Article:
An article by RNSW Sports Journalism Scholarship Holder Annie Murphy
Matthew Ryan, 28, will be shooting for his first Olympic Gold medal in the men’s eight in London, following months of preparation and an avid desire to improve on a silver-medal performance in the coxless four at the Beijing Games.
Like many, Matt started rowing as a Year Nine student, in the illustrious surrounds of Sydney’s The Kings School. Rowing proved to be a family affair, with Matt’s sister rowing for Loreto Kirribilli and his father a successful senior Eights rower for Riverview.
Matt, who stands at 194 centimetres and weighs 90 kilograms, had the athletic talent to excel at a number of sports, and was at one stage balancing representative rugby commitments with his rowing.
In 2001, Matt represented his high school in the Junior Eight at the Henley Royal Regatta in England, claiming gold and bringing home the Princess Elizabeth Cup.
The next year he added to his haul, taking gold at the World Junior Rowing Championships in Lithuania in a coxed four. It was this result that set the pathway for his career in rowing, pushing him towards a place at Sydney University Boat Club and confirming his dream of representing Australia at an Olympic Games.
With a silver medal in Beijing and now a place in the London 2012 Australian rowing team, Matt has an impressive resume: he has represented Australia at six world championships, claiming a silver in the men’s coxless four in 2009 in Poland and a bronze medal in the men’s eight in New Zealand in 2010.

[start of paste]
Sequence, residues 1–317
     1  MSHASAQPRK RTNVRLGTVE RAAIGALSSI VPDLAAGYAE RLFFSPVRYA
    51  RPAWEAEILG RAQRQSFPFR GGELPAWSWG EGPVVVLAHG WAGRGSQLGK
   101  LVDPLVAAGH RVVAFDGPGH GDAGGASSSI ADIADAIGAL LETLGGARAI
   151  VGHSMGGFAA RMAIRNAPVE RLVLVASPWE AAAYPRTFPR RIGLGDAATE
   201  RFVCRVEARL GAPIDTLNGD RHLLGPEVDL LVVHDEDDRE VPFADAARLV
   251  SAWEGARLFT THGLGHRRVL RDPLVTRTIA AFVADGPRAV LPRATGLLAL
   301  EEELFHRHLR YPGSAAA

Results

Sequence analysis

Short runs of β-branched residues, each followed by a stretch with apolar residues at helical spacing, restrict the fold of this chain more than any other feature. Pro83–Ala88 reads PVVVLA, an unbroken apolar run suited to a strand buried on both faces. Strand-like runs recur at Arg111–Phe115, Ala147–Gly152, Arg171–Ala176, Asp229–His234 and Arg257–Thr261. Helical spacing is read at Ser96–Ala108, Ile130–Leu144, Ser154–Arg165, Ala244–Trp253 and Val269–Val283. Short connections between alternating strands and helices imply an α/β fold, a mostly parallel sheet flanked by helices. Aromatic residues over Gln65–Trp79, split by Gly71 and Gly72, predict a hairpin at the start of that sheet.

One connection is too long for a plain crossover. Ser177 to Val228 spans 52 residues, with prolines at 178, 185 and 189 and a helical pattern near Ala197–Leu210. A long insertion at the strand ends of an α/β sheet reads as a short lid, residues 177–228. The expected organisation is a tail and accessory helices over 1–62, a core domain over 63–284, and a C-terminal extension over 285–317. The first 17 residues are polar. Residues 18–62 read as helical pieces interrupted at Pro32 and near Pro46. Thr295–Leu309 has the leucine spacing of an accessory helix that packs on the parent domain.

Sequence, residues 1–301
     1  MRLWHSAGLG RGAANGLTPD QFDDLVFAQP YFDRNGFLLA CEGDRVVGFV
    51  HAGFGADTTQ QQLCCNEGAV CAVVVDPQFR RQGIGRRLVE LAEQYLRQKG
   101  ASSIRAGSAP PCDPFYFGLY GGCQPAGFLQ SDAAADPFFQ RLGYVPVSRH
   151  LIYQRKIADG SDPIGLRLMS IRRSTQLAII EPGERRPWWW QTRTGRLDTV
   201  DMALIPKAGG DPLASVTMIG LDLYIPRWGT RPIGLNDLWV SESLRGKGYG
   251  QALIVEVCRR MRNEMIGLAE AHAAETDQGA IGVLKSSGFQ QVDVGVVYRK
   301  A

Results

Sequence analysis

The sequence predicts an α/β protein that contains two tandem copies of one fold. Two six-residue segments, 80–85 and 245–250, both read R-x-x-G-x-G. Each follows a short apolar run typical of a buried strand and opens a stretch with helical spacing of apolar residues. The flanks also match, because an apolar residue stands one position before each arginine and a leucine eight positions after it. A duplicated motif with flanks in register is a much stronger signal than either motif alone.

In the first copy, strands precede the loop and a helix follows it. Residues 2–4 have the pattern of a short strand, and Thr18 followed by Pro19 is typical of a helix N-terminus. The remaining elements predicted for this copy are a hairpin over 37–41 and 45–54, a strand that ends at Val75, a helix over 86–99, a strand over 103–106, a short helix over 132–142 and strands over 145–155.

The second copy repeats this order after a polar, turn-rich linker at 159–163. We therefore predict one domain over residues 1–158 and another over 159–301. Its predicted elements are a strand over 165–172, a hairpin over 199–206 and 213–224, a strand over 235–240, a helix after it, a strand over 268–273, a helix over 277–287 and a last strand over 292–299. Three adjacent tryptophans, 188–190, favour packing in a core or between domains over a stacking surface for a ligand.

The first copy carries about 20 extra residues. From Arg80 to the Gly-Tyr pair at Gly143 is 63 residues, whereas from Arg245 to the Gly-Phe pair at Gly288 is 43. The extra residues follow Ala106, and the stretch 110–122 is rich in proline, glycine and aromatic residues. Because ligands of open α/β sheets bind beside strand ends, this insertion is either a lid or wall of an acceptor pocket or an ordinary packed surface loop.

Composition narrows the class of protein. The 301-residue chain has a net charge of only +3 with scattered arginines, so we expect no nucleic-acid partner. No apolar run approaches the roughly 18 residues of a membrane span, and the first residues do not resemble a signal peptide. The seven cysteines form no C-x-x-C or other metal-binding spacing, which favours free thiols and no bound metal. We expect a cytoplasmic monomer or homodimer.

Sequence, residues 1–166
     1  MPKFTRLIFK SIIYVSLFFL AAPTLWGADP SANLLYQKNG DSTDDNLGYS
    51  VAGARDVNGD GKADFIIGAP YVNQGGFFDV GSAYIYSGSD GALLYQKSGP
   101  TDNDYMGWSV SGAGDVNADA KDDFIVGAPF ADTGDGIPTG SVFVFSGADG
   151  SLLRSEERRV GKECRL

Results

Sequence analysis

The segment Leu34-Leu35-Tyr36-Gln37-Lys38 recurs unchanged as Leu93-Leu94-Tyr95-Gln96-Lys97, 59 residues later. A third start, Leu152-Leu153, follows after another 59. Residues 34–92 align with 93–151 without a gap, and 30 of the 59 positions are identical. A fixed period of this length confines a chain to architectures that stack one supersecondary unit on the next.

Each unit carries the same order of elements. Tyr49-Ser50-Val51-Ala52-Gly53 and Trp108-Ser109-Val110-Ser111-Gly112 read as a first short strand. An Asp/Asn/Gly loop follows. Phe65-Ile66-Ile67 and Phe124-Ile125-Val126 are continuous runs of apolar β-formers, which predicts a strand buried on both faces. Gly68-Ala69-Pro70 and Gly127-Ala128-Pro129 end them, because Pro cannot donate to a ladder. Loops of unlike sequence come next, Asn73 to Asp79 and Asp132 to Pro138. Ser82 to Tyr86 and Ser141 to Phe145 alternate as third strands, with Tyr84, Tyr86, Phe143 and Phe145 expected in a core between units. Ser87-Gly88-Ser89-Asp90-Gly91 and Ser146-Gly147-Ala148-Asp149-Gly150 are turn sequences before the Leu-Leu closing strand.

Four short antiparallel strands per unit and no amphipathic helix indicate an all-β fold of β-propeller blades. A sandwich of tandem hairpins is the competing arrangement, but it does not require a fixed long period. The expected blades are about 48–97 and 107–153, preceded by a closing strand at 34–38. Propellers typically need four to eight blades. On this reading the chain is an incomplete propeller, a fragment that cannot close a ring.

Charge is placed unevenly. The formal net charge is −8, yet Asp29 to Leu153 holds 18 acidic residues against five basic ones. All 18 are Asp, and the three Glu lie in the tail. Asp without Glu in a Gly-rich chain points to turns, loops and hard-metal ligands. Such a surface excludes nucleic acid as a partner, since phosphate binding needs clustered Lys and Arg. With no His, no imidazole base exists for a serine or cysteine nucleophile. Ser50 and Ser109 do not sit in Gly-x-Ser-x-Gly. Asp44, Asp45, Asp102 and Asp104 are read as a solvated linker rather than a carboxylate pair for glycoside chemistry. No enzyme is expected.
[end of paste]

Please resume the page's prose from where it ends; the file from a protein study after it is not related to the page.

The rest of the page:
After the Beijing Olympics in 2008, Matthew married and now has a two-year-old daughter.
Matt’s mother, Lynne, is incredibly proud of her sons achievements.
“A constant highlight for me is being able to watch Matt compete at world events in many different countries,” she said.
“Matt’s wife is fully supportive of his rowing career and I think Matt has always maintained a positive attitude and a total commitment to his rowing.
“The thing that makes me most proud of Matt is the way he copes with, and rises above, any adversity that has come his way.”
And that adversity struck Matt just weeks ago, when a serious bout of salmonella poisoning left him hospitalised for five days. In a hurdle for his Olympic preparation, matt lost a staggering six kilograms.
“He did not let this major setback to his preparation for the games defeat him. He put in so much extra effort to get his fitness back,” Lynne said.